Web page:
In a bid to stop parents from being tempted to take children out of school early, the government introduced fines for parents for taking children away for unauthorised absences in 2013, which are levied by local authorities such as Leeds Council.
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Government legislation means that schools are not allowed to authorise requests for children to be taken out of school for a holiday during term time.
Requests for leave can only be granted by schools if there are exceptional circumstances, and holidays are not considered exceptional.
Requests for leave must also be made to the school in advance, as the Department for Education has told schools that they cannot authorise any absences after they have been taken.
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A penalty notice is a fine to parents or carers if they fail to ensure that their child or children attend school regularly.
Leeds City Council is responsible for issuing penalty notices on behalf of schools in the city, based on national legislation.
Penalty fines are £120 per parent per child for each unauthorised period of absence, if not paid within 22-28 days, or £60 if paid within the timeframe.
So a family of two parents and two children, taking both children out for at least one unauthorised period of time would in theory pay £240 in fines in total if paid promptly, and £480 if not.
How it breaks down:
Parent 1 - child 1: £60
Parent 2 - child 1 + £60
Parent 1 - child 2 - + £60
Parent 2 - child 2 + £60
BUT, £60 is the fine if paid within 22-28 days. If unpaid within that time, the fine doubles to £120, so the total fine would be £480.
If you had three or four children, that holiday could start looking mighty expensive.
However, Leeds Council told the Yorkshire Evening Post that it does not trigger the fines until a child has had unauthorised absences of 5 days or more within any 12 week period.
A spokesman said: "A penalty notice is a fine issued to parents or carers if they fail to ensure that their child or children attend school regularly.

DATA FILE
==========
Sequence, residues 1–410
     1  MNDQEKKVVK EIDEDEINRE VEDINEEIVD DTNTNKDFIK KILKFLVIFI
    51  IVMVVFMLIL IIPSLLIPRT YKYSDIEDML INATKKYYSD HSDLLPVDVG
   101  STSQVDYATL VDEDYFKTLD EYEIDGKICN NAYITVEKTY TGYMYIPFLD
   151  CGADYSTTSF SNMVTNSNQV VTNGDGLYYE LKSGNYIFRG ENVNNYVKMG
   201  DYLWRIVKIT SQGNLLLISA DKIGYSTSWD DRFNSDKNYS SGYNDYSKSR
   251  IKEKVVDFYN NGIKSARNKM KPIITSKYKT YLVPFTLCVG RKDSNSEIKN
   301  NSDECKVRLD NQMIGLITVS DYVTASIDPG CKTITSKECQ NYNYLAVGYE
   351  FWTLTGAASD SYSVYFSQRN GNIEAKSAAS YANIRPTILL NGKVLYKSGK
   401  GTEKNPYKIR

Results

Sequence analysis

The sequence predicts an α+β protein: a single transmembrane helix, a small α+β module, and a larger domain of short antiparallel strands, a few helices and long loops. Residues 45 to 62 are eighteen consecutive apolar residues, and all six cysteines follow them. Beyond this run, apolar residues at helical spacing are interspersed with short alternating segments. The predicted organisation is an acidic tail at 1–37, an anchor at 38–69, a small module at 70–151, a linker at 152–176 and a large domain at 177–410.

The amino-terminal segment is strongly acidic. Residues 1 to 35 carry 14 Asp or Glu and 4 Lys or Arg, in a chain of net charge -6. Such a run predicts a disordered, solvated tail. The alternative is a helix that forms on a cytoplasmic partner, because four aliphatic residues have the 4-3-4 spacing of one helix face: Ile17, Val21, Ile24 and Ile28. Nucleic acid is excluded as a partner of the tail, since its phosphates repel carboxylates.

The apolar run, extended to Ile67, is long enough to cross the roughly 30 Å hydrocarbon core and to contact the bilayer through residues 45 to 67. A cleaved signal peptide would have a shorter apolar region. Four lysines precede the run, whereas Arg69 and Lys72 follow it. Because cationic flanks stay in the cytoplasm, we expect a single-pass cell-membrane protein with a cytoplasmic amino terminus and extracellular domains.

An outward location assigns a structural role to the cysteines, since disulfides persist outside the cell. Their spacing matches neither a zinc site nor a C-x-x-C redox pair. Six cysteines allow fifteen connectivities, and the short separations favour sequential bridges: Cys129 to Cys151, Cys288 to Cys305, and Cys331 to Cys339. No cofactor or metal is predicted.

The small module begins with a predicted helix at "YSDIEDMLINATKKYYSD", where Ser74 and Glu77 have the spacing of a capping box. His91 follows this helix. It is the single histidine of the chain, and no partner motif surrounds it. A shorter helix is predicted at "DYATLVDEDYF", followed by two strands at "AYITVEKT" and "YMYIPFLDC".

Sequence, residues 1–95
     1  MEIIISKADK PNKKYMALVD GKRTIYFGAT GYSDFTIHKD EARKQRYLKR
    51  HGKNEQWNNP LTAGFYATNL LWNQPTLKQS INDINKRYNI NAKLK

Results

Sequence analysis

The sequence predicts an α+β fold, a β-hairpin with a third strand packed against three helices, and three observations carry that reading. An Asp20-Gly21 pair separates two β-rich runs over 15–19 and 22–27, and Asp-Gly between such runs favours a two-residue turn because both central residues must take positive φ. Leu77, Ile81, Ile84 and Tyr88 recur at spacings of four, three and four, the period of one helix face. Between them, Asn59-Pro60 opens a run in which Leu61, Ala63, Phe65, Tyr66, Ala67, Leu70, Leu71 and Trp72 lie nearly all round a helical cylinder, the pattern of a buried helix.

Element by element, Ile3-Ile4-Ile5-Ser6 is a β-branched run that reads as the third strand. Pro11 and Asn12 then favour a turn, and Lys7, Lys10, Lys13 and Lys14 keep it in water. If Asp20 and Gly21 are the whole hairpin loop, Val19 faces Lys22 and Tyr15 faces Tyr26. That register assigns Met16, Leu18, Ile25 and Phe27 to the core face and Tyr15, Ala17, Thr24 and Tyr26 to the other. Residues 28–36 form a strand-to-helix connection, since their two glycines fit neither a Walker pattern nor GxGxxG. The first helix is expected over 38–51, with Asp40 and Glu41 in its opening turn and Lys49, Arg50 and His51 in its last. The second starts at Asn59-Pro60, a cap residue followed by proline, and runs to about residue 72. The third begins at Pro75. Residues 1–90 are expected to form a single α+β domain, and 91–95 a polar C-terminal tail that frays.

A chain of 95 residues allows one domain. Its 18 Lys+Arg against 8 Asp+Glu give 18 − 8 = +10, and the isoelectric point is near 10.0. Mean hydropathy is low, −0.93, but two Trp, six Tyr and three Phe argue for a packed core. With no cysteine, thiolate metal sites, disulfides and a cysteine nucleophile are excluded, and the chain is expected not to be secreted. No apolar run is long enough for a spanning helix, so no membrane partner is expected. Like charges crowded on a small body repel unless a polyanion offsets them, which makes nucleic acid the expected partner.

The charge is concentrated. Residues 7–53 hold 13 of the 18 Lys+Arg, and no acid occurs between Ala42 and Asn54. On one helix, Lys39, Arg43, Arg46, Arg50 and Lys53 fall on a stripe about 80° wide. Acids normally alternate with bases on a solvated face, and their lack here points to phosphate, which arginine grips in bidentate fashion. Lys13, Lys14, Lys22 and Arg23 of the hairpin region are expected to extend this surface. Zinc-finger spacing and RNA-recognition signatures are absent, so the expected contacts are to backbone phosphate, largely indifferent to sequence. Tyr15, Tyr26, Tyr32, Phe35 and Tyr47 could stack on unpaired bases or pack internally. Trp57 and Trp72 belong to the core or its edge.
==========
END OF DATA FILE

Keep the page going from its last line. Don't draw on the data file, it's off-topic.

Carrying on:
"This could be due to a holiday in term time or other periods of absence that are not authorised by their child’s school.
"Penalty notices give parents an opportunity to avoid prosecution. If a penalty notice is paid parents will not be prosecuted.
"The Education (Penalty Notices) Regulations 2007 set out the details of how the penalty notice scheme must operate.
"This includes a requirement that every local authority must draw up and publish a code of conduct for issuing penalty notices, after consulting all schools (including academies) and the police.
"The code sets out the criteria that will be used to trigger the issuing of a penalty notice.
"In Leeds we have determined that a penalty notice will be issued for unauthorised absences of 5 days or more within a 12 week period.
"This includes absences for holidays as well as other unauthorised absences.
"If a penalty notice is issued, it will be for the whole period of the absence. So the penalty would be the same for an absence of 5 days or 10 days.
"For example, a parent could be issued with a £60 penalty if their child misses 1 day of school each week over a 5 week period, whilst another parent might be issued the same penalty for a single 2 week absence.
"The penalty will increase to £120 if the notice is not paid within 21 working days. If it remains unpaid within a further 7 days consideration will be given to prosecution at the Magistrates’ Court which could lead to a criminal conviction."
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If things get really serious, you could end up with a prosecution in court for unpaid fines.
You could get a fine of up to £2,500, a community order or a jail sentence up to 3 months. The court also gives you a Parenting Order.
This means you have to go to parenting classes. You’ll also have to do what the court says to improve your child’s school attendance.
The same figures apply in Bradford.
Bradford Council's guidance states: "If parents take their children out of school without first seeking the school’s permission or take their children out after permission has been denied, could receive a penalty notice fine of £60 per parent per child.
"A family of two parents and two children would receive a fine of £240.
"From 1 September 2013 parents have 21 days to pay the fine. If the fine is not paid within this period the fine doubles to £120 per parent per child and has to be paid within 7 days.
"Failure to pay the fine at all will result in Bradford Children’s Services taking the matter before the Magistrates Court where they could be fined up to £1,000"